Olympic Organizers Insist Games Will Not Be Impacted as 10K Volunteers Drop Out

Tokyo 2020 Organizing Committee officials said that the Games will move forward unaffected after 10,000 of 80,000 total unpaid volunteers quit, the Associated Press reported.

Organizers said in a statement that some volunteers, most of whom won't be vaccinated since very few will have contact with athletes and officials, decided not to participate because of COVID-19 fears. While the International Olympic Committee (IOC) anticipates 80% or more of athletes and Olympic Village inhabitants to be fully vaccinated in time for the Games, just between 2% to 3% of the overall population in Japan is currently fully vaccinated.

"We have not confirmed the individual reasons," organizers said in a statement. "In addition to concerns about the coronavirus infection, some dropped out because they found it would be difficult to actually work after checking their work shift, or due to changes in their own environment."

Olympic volunteers customarily receive uniforms, meals on work days and funds to cover the daily commute, but pay for their own housing for the duration of the Games. While the organizing committee has assured that losing one-eighth of its volunteers won't affect operations, a study conducted for the IOC found that the 40,000 unpaid workforce of the 2000 Sydney Olympics was worth $60 million or more.

For more reporting from the Associated Press, see below.

Tokyo Stadium
A man drives past the New National Stadium, the main stadium for the Tokyo Olympics, on June 3, 2021, in Tokyo, Japan. Tokyo 2020 President Seiko Hashimoto said she is 100 percent certain that the Olympics will go ahead despite widespread public opposition as Japan grapples with a fourth wave of COVID-19. The Japanese organizing committee announced Thursday that around 10,000 of the 80,000 volunteers originally scheduled to help at the Games have withdrawn as concern continues to surround the country’s ability to hold a huge sporting event amid a global pandemic. Yuichi Yamazaki/Getty Images

To mark 50 days until the start of the Games, organizers unveiled the podiums, costumes and music that will be used during the medal ceremonies. Organizing Committee President Seiko Hashimoto again promised the Olympics will be safe for the athletes.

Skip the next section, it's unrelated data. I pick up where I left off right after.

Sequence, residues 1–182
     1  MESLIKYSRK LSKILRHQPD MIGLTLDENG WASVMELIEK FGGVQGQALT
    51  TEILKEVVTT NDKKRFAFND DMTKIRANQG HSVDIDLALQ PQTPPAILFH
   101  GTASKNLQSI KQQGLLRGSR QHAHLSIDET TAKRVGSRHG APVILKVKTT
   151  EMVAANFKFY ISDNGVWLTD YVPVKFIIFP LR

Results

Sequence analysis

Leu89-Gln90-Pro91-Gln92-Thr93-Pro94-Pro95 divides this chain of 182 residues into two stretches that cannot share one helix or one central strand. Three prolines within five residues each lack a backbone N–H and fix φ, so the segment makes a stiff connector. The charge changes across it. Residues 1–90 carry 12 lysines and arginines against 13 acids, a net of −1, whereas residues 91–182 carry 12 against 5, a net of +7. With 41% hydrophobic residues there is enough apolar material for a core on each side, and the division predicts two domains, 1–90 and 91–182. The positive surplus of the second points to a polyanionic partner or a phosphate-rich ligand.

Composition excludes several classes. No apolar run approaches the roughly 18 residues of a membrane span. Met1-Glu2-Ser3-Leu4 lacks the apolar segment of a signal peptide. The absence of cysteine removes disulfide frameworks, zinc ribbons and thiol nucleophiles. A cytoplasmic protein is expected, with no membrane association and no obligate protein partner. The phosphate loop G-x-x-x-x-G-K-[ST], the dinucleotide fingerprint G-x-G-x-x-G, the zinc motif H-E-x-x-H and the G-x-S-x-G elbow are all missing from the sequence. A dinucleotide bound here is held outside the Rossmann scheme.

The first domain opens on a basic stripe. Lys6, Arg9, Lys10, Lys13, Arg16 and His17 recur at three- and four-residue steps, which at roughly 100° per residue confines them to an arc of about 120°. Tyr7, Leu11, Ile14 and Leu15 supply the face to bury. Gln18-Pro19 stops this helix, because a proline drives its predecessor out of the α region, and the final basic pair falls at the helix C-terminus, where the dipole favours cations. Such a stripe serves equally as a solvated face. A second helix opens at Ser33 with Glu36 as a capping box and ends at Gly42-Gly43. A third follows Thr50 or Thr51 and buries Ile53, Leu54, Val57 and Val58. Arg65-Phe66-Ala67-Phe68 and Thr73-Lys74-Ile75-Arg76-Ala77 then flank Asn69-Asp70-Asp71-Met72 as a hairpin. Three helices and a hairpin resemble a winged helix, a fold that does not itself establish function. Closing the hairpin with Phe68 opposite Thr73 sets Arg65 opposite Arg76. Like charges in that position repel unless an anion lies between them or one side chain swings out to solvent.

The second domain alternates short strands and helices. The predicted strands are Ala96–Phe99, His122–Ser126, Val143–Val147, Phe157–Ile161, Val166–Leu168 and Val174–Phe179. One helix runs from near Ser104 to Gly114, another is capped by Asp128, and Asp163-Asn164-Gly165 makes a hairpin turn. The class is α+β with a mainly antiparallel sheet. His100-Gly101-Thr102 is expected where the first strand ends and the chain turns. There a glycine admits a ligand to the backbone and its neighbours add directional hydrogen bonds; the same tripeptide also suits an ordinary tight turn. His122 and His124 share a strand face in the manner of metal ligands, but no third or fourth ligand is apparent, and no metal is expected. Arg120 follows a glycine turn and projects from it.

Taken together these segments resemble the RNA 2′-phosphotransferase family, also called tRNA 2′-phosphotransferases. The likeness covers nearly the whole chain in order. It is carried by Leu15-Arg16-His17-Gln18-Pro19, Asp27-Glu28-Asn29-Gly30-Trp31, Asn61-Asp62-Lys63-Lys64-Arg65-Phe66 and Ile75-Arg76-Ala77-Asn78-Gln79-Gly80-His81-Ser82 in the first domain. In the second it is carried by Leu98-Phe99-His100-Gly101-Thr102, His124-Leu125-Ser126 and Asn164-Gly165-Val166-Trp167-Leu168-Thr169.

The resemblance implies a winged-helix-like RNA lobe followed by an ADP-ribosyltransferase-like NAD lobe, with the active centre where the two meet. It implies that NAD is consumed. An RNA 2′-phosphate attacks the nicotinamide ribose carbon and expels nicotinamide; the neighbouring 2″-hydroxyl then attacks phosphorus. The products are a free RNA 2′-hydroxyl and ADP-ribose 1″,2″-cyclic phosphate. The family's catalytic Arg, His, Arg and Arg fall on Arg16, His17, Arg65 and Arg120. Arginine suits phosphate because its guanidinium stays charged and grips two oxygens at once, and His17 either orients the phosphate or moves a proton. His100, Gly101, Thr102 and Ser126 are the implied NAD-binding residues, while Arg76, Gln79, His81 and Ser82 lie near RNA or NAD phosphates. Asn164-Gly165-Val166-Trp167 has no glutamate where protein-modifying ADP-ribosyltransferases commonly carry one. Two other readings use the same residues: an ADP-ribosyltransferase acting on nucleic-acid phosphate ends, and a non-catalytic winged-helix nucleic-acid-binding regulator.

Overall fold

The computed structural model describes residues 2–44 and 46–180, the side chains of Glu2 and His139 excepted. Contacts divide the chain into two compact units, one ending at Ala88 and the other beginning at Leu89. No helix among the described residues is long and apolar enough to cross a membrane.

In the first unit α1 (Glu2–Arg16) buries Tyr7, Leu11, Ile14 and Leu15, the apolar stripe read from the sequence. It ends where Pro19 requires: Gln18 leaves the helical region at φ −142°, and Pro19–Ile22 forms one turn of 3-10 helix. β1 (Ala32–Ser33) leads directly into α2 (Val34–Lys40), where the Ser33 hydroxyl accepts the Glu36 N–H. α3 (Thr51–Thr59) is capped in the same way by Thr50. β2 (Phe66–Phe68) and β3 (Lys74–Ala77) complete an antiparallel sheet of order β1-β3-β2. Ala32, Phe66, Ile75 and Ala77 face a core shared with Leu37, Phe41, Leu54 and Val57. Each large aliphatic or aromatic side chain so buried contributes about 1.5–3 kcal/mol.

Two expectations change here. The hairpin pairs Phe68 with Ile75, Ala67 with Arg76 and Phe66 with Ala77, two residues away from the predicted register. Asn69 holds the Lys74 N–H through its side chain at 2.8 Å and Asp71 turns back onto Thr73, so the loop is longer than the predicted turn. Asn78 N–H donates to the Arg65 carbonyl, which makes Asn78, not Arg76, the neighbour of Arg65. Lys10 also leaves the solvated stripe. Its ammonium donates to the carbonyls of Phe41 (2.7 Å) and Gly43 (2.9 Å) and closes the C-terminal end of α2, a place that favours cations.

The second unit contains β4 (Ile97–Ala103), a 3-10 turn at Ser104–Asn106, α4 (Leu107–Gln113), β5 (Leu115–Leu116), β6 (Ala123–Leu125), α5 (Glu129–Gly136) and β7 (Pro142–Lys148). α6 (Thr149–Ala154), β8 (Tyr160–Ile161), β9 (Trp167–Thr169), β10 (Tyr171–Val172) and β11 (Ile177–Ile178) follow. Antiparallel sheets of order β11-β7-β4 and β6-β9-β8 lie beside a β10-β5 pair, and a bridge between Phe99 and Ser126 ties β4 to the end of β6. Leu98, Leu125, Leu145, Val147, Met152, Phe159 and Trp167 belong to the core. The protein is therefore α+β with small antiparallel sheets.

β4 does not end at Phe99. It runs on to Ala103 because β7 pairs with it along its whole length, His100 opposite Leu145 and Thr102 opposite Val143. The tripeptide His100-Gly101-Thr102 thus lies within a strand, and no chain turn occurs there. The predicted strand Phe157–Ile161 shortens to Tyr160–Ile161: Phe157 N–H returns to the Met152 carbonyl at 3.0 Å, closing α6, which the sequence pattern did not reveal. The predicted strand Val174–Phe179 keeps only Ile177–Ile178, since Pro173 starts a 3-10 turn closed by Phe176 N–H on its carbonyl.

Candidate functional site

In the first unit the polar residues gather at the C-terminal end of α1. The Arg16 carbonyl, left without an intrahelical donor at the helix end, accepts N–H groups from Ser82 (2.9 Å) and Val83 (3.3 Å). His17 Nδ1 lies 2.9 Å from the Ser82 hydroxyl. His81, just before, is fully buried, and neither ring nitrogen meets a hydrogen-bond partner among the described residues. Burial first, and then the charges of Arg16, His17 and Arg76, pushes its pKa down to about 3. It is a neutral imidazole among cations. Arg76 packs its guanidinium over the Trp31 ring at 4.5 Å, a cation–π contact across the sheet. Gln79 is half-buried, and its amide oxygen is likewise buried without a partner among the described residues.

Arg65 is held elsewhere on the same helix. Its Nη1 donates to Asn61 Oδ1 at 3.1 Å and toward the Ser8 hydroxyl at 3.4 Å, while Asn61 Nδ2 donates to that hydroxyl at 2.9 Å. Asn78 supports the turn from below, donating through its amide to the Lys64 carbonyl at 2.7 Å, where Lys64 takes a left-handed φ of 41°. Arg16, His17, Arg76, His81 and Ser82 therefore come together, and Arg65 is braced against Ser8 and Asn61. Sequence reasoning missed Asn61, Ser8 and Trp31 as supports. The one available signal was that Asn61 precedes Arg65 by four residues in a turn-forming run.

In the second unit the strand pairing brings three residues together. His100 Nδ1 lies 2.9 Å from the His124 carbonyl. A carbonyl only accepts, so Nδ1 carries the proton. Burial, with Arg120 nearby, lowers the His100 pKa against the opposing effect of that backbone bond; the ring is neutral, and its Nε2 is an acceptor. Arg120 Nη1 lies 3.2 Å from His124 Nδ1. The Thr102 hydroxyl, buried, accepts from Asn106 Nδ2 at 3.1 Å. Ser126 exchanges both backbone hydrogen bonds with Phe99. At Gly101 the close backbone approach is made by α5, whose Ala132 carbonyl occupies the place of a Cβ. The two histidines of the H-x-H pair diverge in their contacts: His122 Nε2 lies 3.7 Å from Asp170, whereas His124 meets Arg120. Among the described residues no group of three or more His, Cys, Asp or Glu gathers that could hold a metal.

"The Tokyo 2020 organizing committee will absolutely make sure to protect the health of the athletes," she said.

Support for the Olympics continues to lag in Japan with 50% to 80%—depending how the question is phrased—saying the Games should not open on July 23.

Tokyo is officially spending $15.4 billion to organize the Olympics, and several government audits say it's much more. All but $6.7 billion is public money. The IOC's contribution is about $1.5 billion.

Japan has attributed just over 13,000 deaths to COVID-19, far lower than most comparable countries, but higher than many Asian neighbors.

On Thursday, the Japanese soccer association said a member of the Ghana team tested positive upon arrival in Tokyo. The player was separated from the team and placed in quarantine.

Earlier in the week, soccer players from Jamaica were unable to go to Japan because of issues with coronavirus testing. They were to have played the Japanese national team in a friendly.

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Tokyo 2020
Tokyo 2020 President Seiko Hashimoto said she is 100 percent certain that the Olympics will go ahead despite widespread public opposition as Japan grapples with a fourth wave of coronavirus. The Japanese organizing committee announced Thursday that around 10,000 of the 80,000 volunteers originally scheduled to help at the Games have withdrawn as concern continues to surround the country’s ability to hold a huge sporting event amid a global pandemic. Yuichi Yamazaki/Getty Images